Registering Childrenwithout a parent/guardian
As a minimum requirement the normal patient registration arrangements should be followed when the person registering is a child. However, there are circumstances that practices should be aware of, in relation to safeguarding guidance.
The legal definition of a child is 0 to 18 years of age; however young people may be able to make independent decisions from as young as 12, depending on the circumstances. Section 11 of the Children Act 2004 places a statutory duty on the NHS to safeguard and promote the welfare of children. The Victoria Climbie Enquiry Report 2003 (9.104) stresses the importance of GP registration for every child. It sets out the importance of knowing the identity of those registering the child and their relationship to that child.
If a child under 16 attempts to register alone or with an adult that does not have parental responsibility, the Practice Child Safeguarding Lead should be alerted.
For purposes of safeguarding children, the following should be considered whilst recognising that patients must still be registered in the absence of documentation and policies must be applied in a non- discriminatory manner.
The practice should seek assurance through:
- Proof of identity and address for every child, supported by official documentation such as a birth certificate, (This helps to identify children who may have been trafficked or who are privately fostered.)
- An adult with parental responsibility should normally be registered at the practice with the child . The ID of the adult is useful as it can be matched to the birth certificate details. However, the practice should not refuse to register a child if there is no-one with parental responsibility who can register, as it is generally safer to register first and then seek advice from the Safeguarding Practice Lead, Health Visitor or Practice Manager. (This situation may alert you to a private fostering arrangement which constitutes a safeguarding concern).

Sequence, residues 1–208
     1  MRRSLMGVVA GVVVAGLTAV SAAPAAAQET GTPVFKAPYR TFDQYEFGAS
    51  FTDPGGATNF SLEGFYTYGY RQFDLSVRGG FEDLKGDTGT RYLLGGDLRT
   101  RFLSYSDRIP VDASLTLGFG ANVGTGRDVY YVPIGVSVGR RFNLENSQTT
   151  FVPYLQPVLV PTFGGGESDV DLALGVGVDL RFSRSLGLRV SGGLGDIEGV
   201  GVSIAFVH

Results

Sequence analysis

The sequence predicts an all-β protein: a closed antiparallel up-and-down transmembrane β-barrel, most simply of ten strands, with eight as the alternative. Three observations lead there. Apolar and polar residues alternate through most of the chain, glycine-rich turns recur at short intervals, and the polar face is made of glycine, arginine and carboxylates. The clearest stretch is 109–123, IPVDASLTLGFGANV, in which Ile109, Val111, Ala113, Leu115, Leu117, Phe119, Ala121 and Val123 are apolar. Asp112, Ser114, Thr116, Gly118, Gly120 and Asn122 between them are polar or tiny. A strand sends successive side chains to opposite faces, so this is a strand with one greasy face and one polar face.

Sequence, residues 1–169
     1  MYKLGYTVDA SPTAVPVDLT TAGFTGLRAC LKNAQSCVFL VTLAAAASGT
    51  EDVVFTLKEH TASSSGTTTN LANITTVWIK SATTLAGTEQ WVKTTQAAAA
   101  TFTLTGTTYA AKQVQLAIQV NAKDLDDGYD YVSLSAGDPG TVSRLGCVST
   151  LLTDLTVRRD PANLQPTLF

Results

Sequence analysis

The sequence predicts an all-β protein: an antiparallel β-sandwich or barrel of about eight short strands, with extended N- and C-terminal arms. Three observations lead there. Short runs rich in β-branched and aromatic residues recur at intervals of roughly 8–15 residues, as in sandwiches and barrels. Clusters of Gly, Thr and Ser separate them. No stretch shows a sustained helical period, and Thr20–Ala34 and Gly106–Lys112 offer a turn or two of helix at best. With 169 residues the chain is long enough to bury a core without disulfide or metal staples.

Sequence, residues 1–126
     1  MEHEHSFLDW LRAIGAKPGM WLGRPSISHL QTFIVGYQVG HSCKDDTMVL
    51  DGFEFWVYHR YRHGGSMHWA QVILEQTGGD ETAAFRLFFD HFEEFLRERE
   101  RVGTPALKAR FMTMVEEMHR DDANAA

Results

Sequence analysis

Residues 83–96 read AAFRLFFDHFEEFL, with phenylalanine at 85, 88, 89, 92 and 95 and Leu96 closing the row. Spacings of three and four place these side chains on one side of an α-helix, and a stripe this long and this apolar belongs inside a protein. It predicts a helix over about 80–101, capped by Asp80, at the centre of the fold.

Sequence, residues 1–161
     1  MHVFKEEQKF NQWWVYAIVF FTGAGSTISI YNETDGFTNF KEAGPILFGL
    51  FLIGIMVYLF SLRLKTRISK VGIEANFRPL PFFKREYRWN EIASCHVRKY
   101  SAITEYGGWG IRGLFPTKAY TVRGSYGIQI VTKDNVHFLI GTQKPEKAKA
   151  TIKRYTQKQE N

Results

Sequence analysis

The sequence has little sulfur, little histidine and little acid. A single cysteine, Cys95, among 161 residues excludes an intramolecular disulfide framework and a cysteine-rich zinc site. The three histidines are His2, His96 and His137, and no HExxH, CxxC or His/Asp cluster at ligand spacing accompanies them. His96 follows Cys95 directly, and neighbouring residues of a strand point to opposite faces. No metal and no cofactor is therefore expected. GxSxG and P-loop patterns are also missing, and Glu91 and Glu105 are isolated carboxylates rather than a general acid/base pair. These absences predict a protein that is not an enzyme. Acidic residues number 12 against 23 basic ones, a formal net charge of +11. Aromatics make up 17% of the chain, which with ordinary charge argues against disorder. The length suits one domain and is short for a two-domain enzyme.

- Offering each child a new patient registration health check as soon as possible after registration
- Seeking collaborative information (supported by official documentation) relating to:
- Current carers and relationship to the child
- Previous GP registration history
- Whether the child is registered with a school and previous education history
- Previous contact with other professionals such as health visitors and social workers
- Children who have been temporarily registered with the practice should be reviewed regularly and proceed to permanent registration as soon as possible and ideally within three months of initial registration. Likely length of stay should be determined at initial registration and patient registered as temp/permanent as appropriate.
- Children of parents or carers, who have been removed from the list for any reason, must not be left without access to primary care services.
- Where parents or carers have been removed from the list due to aggressive and or violent behaviour a risk assessment should be completed to identify any risk to their children and the appropriate referrals made.
Practices should be alert to potential risks such as those described above when young people aged between 16-18 years of age register alone and dealt with in line with practice safeguarding procedures and escalated outside of the practice through the local procedures if appropriate.
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